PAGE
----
So Ben was evaluated by our new school district and the report came back…They confirmed what we had suspected and classified him as gifted.  However, they did also confirm that he was behind in reading and writing and that he might have a learning disorder.  They said that it isn’t rare to have a kid who was gifted but with a learning disorder.  To me, it makes sense.  Ben clearly has a focus issue and, yes, he does have problems controlling himself (“Sometimes I have a song in my head and it just has to get out, so I start singing it and I get in trouble.”)  Additionally, the individual that did the evaluation hinted at putting the blame for Ben being behind, on his school.

The icing on the cake was that in the report, they included Mrs. X’s comments about Ben, which were mostly negative or were backhanded compliments.  They also went on to note that Mrs. X decline to fill out the evaluation they asked her to do and that the principal of his school was okay with this.  This is the part that really got Andrea and I angry.  We are trying to do what is best for our son with this evaluation and his teacher can’t be bothered with it and his principle is fine with that.  What also should be noted is that Mrs. X gave conflicting information to the evaluator than she had given to us.

Our problem is that all Mrs. X sees is a kid that acts up in class and hasn’t made an effort to try to see beyond that, when clearly there is more to him.  I want to give her the benefit of the doubt and say that she is overwhelmed (the school has larger class sizes this year because they took on students from a closed school), but sometimes, and I hate to say it, I think she is lazy.  She has been at this school forever.  She attended it as a child and her children attended it.  I can’t help but wonder if she has just become content in her job.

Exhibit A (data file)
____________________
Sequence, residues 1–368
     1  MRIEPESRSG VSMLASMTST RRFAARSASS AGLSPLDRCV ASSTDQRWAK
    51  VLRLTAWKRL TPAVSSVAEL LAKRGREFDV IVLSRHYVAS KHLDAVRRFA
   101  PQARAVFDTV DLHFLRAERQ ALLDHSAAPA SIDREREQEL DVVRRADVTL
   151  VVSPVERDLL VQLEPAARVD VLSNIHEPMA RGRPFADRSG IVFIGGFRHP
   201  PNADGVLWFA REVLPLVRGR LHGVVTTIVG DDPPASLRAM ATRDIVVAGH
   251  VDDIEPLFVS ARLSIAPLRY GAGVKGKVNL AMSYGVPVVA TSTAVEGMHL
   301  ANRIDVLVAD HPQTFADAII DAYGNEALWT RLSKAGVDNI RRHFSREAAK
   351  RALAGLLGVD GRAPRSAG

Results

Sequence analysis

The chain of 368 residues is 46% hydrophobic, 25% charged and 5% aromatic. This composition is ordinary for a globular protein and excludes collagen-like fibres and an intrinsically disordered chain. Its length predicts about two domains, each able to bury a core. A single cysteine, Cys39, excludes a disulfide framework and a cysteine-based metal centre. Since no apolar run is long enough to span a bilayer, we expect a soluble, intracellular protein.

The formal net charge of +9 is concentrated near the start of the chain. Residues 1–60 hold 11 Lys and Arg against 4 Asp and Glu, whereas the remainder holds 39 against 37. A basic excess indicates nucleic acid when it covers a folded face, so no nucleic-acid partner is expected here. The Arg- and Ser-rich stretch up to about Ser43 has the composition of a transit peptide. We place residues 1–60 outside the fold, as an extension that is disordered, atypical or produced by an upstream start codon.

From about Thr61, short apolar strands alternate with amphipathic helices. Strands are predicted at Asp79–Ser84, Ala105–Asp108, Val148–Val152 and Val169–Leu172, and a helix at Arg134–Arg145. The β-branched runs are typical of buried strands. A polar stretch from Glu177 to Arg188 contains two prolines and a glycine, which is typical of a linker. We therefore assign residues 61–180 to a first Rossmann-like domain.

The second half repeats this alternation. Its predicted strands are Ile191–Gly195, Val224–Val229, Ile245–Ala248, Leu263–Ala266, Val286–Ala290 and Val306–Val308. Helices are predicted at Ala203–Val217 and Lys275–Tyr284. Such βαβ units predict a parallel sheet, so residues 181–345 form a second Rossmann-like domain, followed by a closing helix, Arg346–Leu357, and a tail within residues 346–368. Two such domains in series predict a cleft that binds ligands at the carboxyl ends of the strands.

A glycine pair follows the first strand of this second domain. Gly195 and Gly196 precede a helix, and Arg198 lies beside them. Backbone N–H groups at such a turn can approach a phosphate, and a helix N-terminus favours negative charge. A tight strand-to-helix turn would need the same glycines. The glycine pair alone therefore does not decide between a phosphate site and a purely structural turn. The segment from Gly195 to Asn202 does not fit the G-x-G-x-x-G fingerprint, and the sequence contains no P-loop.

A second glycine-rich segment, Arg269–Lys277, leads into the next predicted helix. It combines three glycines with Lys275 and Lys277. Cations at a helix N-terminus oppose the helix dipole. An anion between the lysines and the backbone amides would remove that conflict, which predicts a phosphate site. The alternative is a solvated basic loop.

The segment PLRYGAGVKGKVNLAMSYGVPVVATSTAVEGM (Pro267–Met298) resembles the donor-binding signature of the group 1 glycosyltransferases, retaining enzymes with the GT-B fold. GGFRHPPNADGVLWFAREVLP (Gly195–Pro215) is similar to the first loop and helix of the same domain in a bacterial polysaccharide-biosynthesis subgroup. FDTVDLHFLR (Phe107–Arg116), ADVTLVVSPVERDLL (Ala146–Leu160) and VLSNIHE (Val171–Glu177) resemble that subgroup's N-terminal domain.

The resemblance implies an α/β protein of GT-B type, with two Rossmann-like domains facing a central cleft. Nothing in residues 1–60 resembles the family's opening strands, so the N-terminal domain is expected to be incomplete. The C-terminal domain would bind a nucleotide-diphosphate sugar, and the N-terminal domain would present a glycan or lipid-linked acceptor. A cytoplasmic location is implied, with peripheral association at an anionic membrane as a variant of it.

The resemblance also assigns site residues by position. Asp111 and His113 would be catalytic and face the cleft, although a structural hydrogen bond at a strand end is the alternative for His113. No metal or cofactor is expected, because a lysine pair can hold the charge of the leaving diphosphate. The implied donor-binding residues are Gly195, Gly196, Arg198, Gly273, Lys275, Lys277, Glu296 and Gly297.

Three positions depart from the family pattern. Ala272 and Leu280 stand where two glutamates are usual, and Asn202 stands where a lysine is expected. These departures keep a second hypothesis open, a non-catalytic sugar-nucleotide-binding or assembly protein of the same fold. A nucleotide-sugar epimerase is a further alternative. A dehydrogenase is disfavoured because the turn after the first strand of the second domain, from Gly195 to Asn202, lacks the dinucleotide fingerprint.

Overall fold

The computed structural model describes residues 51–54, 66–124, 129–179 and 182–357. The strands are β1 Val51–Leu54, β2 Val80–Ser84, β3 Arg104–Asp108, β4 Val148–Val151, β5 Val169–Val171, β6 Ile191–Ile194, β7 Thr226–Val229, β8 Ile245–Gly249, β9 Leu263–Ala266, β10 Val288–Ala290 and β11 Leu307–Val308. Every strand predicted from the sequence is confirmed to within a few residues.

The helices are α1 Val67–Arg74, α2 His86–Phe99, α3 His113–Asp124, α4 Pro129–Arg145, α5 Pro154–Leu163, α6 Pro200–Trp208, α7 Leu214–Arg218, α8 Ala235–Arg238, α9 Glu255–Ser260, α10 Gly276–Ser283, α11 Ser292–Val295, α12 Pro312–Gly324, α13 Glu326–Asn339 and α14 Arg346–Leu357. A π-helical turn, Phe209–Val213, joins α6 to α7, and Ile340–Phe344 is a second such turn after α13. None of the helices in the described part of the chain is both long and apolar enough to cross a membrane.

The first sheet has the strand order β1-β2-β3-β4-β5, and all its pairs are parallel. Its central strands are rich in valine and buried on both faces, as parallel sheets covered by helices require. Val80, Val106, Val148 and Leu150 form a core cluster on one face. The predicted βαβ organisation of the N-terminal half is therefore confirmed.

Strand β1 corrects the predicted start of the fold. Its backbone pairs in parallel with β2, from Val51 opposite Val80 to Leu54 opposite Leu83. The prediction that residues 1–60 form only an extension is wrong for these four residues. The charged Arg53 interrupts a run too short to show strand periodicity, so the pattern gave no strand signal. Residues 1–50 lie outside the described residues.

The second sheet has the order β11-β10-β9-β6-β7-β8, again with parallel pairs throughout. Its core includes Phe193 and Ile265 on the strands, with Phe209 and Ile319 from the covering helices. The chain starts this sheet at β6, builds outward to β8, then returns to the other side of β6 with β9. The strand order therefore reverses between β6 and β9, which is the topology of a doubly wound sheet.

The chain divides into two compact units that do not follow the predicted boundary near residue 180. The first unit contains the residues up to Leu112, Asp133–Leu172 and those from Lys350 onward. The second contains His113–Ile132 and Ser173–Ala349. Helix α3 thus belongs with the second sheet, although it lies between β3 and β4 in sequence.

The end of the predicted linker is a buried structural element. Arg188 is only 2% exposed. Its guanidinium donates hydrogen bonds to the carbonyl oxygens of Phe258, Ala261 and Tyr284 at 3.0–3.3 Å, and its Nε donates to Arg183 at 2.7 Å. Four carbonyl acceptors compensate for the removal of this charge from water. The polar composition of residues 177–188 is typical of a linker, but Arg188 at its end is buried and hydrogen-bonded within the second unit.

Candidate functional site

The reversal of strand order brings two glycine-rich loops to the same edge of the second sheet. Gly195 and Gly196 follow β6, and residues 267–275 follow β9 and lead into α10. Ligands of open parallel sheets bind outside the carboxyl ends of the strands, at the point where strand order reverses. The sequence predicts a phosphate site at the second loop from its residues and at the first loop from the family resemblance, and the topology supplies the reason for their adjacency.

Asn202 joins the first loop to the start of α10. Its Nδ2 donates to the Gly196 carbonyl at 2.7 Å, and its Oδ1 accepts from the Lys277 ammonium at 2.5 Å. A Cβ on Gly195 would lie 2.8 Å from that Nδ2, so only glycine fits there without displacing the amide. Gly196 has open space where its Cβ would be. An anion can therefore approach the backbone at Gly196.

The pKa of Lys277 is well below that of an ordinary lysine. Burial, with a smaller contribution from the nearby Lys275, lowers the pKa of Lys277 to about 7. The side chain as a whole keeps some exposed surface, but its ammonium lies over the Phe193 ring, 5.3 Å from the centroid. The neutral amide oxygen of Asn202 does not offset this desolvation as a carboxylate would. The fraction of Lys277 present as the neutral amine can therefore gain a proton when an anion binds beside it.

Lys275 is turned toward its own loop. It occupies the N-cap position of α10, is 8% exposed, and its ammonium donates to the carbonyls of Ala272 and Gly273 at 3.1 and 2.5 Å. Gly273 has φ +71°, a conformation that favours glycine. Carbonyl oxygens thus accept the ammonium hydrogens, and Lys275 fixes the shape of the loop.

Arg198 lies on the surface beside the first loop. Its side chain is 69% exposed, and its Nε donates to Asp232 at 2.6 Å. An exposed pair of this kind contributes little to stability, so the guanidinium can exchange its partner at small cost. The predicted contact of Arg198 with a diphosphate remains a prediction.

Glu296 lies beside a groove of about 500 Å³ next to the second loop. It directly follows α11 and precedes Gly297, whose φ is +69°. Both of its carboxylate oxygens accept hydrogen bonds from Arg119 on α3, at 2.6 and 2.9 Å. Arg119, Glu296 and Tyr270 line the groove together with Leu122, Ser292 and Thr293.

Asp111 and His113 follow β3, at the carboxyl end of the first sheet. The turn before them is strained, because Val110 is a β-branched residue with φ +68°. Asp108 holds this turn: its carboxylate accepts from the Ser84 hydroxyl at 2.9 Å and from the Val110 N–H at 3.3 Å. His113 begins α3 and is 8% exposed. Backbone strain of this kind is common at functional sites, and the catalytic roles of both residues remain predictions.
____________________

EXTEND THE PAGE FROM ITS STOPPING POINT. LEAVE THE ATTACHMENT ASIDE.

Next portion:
I feel bad saying any of this.  We have so many friends who are teachers and we know there are some great teachers out there.  They work hard and put in their own personal time and money to teach our children.  However, Andrea and I continued to try to give this particular teacher the benefit of the doubt, but the evaluation was the last straw.  Now, we can’t wait to show the evaluation to Mrs. X, proving what we had been trying to tell her all along (when she gave us time).

I also know, that as parents, we are emotional about anything regarding our son, but we sent him to this Catholic school hoping to give him the best start we could and I think that’s what bothers us as well.

Anyway, we aren’t ready to give up on Catholic schools.  We did some careful vetting of Ben’s new school for next year and, at the first sign of trouble, we will pull him out and put him in the public school system, which is very good.  After the school year is over, we plan on writing a letter to the diocese about these issues (highlighting their failure to fill out the gifted evaluation), copying the teacher and the principle.  I am doing everything I can to keep myself from marching into that school and giving them a piece of my mind, now.

It is just frustrating to see a teacher (and even a principle) that seems to have given up.  Benjamin is a good kid and a bright kid…it’s scary to see what happens when teachers give up.  It also solidifies in my mind why this country needs to put more money and more energy into our schools, rather than take money out.  We are lucky enough to have the means to give our boys options when it comes to education…Not everyone has that option.

Angry Bird Birthday

March 22, 2011 1 comment

Matthew turns four next week and last night, Andrea took Benjamin to Toys R Us to pick out a present for him.  Well, as soon as Ben saw the Angry Bird plush toys (“Angry Bird fluffys”) he decided that was what Matthew had to have.  Lately, the boys have been really into the game and I let them play it on my phone.